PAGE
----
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Track human poses in real-time on Android with TensorFlow Lite

Posted by Eileen Mao and Tanjin Prity, Engineering Practicum Interns at Google, Summer 2019

We are excited to release a TensorFlow Lite sample application for human pose estimation on Android using the PoseNet model. PoseNet is a vision model that estimates the pose of a person in an image or video by detecting the positions of key body parts. As an example, the model can estimate the position of a person’s elbow and / or knee in an image. The pose estimation model does not identify who is in an image; only the positions of key body parts.

TensorFlow Lite is sharing an Android sample application that utilizes the device’s camera to detect and display key body parts of a single person in real-time. Check out the source code!

Why is this exciting?

This sample application will make it easier for app developers and machine learning experts to explore the possibilities of a light-weight mobile model.

The PoseNet sample application

PoseNet App workflow

The PoseNet library

The Person class contains the locations of the key body parts with their associated confidence scores. The confidence score of a person is the average of the confidence scores of each key point, which indicates the probability that a key point exists in that position.

Each KeyPoint holds information on the Position of a certain BodyPart and the confidence score of that key point. A list of all the defined key points can be accessed here.

The PoseNet sample app

The application performs the following steps for each incoming camera image:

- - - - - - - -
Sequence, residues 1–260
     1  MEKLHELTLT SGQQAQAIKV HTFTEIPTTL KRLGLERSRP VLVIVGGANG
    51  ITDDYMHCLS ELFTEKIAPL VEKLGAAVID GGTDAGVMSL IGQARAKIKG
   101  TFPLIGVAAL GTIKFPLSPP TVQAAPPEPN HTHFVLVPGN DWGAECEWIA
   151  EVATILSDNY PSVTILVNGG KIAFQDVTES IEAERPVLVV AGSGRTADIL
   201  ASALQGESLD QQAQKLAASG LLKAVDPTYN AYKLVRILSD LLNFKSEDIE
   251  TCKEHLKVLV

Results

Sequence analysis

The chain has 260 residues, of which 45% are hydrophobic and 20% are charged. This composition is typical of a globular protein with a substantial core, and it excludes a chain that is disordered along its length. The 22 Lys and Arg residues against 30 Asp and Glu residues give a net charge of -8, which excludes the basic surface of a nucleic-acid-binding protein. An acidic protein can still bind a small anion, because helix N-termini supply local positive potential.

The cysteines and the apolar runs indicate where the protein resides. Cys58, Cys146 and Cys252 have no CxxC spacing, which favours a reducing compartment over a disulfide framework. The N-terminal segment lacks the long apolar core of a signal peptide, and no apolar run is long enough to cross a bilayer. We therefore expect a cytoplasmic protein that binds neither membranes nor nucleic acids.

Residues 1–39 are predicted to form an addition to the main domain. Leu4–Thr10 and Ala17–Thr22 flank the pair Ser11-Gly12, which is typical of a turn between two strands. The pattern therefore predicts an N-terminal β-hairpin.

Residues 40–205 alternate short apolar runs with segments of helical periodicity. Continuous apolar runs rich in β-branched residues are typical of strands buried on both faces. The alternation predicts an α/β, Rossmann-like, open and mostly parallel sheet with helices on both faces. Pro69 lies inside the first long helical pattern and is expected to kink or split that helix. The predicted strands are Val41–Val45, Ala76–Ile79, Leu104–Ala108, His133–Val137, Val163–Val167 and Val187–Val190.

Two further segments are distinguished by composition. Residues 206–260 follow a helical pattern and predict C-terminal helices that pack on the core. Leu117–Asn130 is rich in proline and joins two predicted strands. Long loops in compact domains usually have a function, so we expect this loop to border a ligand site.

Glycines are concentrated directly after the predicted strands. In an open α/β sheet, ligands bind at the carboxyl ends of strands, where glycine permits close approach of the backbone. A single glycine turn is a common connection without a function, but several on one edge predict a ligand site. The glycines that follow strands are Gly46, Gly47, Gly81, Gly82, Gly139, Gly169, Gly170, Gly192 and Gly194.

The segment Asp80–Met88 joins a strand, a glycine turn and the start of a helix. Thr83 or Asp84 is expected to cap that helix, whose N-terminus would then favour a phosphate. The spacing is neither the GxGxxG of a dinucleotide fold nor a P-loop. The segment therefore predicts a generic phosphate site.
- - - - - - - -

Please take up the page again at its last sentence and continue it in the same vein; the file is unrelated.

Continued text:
1. Capture the image data from camera preview and convert it from YUV_420_888 to ARGB_888 format.
  2. Create a Bitmap object to hold the pixels from the RGB format frame data. Crop and scale the Bitmap to the model input size so that it can be passed to the model.
  3. Call the estimateSinglePose() function from the PoseNet library to get the Person object.
  4. Scale the Bitmap back to the screen size. Draw the new Bitmap on a Canvas object.
  5. Use the position of key points obtained from the Person object to draw a skeleton on the canvas. Display the key points with a confidence score above a certain threshold, which by default is 0.5.

In order to synchronize pose rendering with the camera frame, a single SurfaceView was used for the output display instead of separate View instances for the pose and the camera. SurfaceView takes care of placing the surface on the screen without a delay by getting, locking, and painting on the View canvas.

Running on-device

On the roadmap

  1. Multi-pose estimation
  2. GPU acceleration with the GPU delegate
  3. NNAPI acceleration with the NNAPI delegate
  4. Post-training quantization of the model to decrease latency
  5. Additional model options, such as the ResNet PoseNet model

It was a pleasure developing the PoseNet sample app this summer! We hope this app makes on-device machine learning more accessible. If you use the app, please share it with us using #TFLite, #TensorFlow, and #PoweredByTF